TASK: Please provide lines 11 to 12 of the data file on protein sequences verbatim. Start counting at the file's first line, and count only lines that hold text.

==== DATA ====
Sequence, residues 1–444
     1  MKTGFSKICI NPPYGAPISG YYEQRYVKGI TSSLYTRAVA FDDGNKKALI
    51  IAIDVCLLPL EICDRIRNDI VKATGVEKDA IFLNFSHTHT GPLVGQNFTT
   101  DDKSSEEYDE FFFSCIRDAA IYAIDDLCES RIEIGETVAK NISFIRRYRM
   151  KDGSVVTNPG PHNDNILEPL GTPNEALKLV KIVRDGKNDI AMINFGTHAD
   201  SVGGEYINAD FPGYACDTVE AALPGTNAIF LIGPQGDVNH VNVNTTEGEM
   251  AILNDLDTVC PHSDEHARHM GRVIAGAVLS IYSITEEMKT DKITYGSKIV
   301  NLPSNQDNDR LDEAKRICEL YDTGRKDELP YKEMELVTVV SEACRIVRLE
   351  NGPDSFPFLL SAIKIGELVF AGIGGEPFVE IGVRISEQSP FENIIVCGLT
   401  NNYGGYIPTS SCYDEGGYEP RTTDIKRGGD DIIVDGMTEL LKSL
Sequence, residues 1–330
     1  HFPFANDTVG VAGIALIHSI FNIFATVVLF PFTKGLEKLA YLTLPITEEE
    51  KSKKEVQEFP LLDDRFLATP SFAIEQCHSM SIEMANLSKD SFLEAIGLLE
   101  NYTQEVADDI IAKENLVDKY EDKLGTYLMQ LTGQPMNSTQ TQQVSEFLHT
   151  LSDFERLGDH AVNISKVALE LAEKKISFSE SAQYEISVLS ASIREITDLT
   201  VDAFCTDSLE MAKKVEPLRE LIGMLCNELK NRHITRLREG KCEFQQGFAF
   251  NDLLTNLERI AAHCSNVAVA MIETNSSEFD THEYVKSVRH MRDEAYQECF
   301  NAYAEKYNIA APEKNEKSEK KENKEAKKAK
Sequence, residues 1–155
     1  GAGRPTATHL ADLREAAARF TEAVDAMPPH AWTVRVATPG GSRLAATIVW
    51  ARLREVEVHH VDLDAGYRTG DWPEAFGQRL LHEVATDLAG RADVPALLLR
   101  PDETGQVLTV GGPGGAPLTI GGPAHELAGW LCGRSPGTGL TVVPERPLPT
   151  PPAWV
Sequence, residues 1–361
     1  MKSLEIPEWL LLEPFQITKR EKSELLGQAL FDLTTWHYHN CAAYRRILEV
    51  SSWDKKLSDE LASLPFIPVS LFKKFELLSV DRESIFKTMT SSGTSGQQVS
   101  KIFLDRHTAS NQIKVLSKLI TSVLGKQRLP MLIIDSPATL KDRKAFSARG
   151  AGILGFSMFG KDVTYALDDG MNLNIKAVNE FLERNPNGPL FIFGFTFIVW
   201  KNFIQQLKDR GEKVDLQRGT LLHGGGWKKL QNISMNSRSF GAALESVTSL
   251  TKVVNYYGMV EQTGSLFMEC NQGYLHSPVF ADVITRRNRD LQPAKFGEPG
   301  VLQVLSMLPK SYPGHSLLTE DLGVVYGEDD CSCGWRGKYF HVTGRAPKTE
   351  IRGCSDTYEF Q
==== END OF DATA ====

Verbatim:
Sequence, residues 1–330
     1  HFPFANDTVG VAGIALIHSI FNIFATVVLF PFTKGLEKLA YLTLPITEEE